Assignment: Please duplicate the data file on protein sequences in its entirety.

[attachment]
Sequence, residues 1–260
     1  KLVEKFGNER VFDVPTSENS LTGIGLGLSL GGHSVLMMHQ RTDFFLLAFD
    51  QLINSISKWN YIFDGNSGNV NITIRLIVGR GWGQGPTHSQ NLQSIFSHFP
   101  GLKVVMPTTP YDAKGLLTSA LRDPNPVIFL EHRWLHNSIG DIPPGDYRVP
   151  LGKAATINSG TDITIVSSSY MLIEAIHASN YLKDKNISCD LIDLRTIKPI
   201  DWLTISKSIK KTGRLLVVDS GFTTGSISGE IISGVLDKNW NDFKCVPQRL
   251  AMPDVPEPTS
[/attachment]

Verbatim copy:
Sequence, residues 1–260
     1  KLVEKFGNER VFDVPTSENS LTGIGLGLSL GGHSVLMMHQ RTDFFLLAFD
    51  QLINSISKWN YIFDGNSGNV NITIRLIVGR GWGQGPTHSQ NLQSIFSHFP
   101  GLKVVMPTTP YDAKGLLTSA LRDPNPVIFL EHRWLHNSIG DIPPGDYRVP
   151  LGKAATINSG TDITIVSSSY MLIEAIHASN YLKDKNISCD LIDLRTIKPI
   201  DWLTISKSIK KTGRLLVVDS GFTTGSISGE IISGVLDKNW NDFKCVPQRL
   251  AMPDVPEPTS